I don't know if this is something that they're doing throughout the tour (I haven't checked the message boards at the fan club website or Barenaked.net yet), but about 15 minutes after the doors to the Meyerhoff Symphony Hall opened, keyboardist Kevin Hearn strolled into the foyer. Now, I recognized him immediately, but I didn't immediately go up to him because of the way he strolled in -- initially it looked like he was just passing through, and I didn't want to bother him if he was on his way to some sort of pre-show prep. However, someone else stopped him and asked him to sign their ticket, and he obligingly pulled out a sharpie and signed away. Seizing the opportunity, I immediately took my ticket over to him, and asked him to sign mine as well. As he did so, I started turning into fanboy-geek and told him how much I enjoyed their appearance on Denis Leary's Merry F#%$in Christmas special on Comedy Central the night before. He replied that the band hadn't seen the final product yet, but was glad to hear that their performance really come across the way it was supposed to.
While this exchange was going on, nannygirl (a.k.a., "Mrs. Moose") noticed that Jim Creegan had strolled in and that Steve Page appeared to be ready to stroll in at the door. Furthermore, as I finished up my exchange with Kevin, I saw Ed Robertson enter the room and move across to the other side. It quickly become apparent that BNL was doing an unannounced, impromptu meet-and-greet with all the fans who arrived early. The two of us went over to Jim and got his signature on our tickets, and then Mrs. Moose returned to Kevin to get him to sign her ticket as well.
(Side note: I'd like to thank Mrs. Moose for not giving me a hard time about not having the presence of mind to have him sign both our tickets in the first place. I turned into geeky fanboy so suddenly that it didn't occur to me to have him do both. Yeah, I can be pretty damn dense sometimes.)
Already, word about what was happening started buzzing through the early arrivals. It had been less than 10 minutes since we first noticed Kevin's entrance into the room, and there were still fans pouring in. I didn't actually consciously think it, but I think I sensed that if I was going to get all the band members to sign my ticket then I needed to act fast. After talking with Jim for a couple moments -- again, about their appearance on Leary's X-mas special -- I quickly set out to find Ed.
When I found where he had positioned himself, he already had a small crowd and it was growing. I quickly grabbed a spot in the que and when we finally got to him I completed my transformation into uber fanboy-geek. While he signed, I took a moment to say something I've been waiting years to tell him personally. I actually said, "I know I might sound a little bit like a dork [yes, I really used the word "dork"], but I just wanted to tell you just how much your music has meant to me over the past 12 years." At which point I quickly told him about how I found out about the band when American radio didn't give a rat's ass about them. He then shook my hand and said something else which I honestly cannot remember because he honestly seemed genuinely touched by what I had said. (Somewhere in the middle of all this, Mrs. Moose got her ticket signed by him as well.) I then thanked him for his time and went out to find Steve.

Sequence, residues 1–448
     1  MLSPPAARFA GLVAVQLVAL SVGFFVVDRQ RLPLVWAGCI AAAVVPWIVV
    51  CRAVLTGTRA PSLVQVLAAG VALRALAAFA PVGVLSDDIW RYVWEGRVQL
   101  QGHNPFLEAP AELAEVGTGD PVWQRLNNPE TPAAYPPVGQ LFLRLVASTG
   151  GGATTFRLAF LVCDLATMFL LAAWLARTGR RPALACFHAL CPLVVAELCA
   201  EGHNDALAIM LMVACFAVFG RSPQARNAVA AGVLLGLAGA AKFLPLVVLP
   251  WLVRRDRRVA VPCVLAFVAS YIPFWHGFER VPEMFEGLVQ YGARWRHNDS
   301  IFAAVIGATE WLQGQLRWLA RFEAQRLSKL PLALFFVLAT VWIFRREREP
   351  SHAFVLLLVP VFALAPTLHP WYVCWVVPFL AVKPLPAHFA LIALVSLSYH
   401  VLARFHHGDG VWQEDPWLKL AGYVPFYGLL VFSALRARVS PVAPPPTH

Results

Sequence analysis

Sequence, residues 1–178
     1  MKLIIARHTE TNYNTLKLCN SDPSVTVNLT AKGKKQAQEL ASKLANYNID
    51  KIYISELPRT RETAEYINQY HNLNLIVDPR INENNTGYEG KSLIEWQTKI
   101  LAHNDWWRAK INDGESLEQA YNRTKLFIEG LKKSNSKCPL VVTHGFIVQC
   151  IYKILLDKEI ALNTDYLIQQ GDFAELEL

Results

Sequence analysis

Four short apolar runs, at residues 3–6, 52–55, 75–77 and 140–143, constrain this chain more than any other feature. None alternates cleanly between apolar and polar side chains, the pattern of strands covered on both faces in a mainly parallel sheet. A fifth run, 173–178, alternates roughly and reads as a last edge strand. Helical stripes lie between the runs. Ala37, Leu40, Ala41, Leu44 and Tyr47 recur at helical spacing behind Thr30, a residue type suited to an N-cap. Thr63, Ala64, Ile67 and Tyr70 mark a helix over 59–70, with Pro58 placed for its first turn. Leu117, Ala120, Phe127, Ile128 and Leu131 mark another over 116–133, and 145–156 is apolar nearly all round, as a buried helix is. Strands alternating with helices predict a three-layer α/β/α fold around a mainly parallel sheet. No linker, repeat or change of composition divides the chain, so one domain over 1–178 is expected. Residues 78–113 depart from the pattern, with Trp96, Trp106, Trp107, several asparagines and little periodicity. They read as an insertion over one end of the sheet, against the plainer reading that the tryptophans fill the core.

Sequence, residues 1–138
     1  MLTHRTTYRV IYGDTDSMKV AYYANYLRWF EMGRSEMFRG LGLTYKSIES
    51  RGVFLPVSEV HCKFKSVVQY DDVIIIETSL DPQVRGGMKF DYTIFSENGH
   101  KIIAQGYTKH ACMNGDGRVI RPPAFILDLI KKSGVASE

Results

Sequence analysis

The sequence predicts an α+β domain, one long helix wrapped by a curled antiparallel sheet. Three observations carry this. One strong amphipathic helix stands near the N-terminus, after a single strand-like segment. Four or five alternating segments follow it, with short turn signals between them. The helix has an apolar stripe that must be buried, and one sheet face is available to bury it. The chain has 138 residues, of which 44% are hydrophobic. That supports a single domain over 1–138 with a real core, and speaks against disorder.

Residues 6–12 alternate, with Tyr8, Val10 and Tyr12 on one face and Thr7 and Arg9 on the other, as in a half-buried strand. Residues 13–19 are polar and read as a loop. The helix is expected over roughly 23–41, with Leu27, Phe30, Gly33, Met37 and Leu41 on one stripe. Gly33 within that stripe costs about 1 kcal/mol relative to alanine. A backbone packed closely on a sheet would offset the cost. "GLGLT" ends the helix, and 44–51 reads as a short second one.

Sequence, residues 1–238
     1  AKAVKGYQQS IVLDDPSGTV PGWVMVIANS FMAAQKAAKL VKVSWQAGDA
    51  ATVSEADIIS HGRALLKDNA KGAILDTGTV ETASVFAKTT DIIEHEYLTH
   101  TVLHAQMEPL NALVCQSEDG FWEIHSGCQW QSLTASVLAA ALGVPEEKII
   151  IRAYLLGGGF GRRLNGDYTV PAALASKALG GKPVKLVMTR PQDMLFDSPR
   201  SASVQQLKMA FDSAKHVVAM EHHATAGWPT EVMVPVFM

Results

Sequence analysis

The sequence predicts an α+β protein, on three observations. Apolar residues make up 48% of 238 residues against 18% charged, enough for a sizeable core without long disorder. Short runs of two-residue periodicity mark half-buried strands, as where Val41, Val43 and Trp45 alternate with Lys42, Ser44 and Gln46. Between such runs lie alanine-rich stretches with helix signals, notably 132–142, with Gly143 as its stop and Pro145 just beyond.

Although he was the last band member to sign my ticket, in many ways his signature was the most important. Over nine years ago, I attended a BNL in-store appearance at an HMV in New York City. Unfortunately, that day Steve was feeling under the weather and didn't appear with the rest of the band. As a result, to this day my copy of Born on a Pirate Ship is missing his signature. I was not going to miss my opportunity to complete my BNL collection of autographs -- even if they were on separate items. When I found him, his crowd hadn't grown much yet either, but interestingly he wasn't signing anything. I knew that the other band members were carrying sharpies, but I wasn't sure whether he was or not. So, I asked one of the people from Nettwerk (their management company, and they were very easy to pick out and close by) if Steve was carrying one already as well. He said, "Oh, yes, he is," and I immediately took a place to wait my turn.
When I get to him, I mentioned that I heard a rumor that he had a sharpie with him and would he sign our tickets. He smiled, pulled it out of his pocket and started signing away. I told him about the HMV appearance nine years ago and how I was still missing his signature on Pirate Ship. He then joked that I should've brought it with me, to which I replied I would have if I known this was going to happen. After thanking him for his time, we went about trying to find Tyler.
Unfortunately, I got confirmation from someone at Nettwerk that Tyler, just like Steve back on that day in NYC, was sick and decided to skip this and save his energy for the concert. I'd have to "settle" for having just the four of them sign my ticket. Nonetheless, at that moment BNL could've put on the worst show I'd ever seen them do and it wouldn't have mattered. That wasn't actually the case -- I actually had my best concert experience in some time -- and the whole experience just heightened my excitement over the entire evening.
Interestingly, it didn't occur to me until after the show that I should've told one of the band members that they are the patron saints of Some Fantastic and that the 'zine was named after their song of the same name (which they actually closed the show with -- how cool was that!?), even though it has nothing to do with them otherwise. Oh well, in the grand scheme of things, it was a rather unimportant thing to forget.
After all, I got to meet my rock gods, and had the chance to tell them how much their music means to me.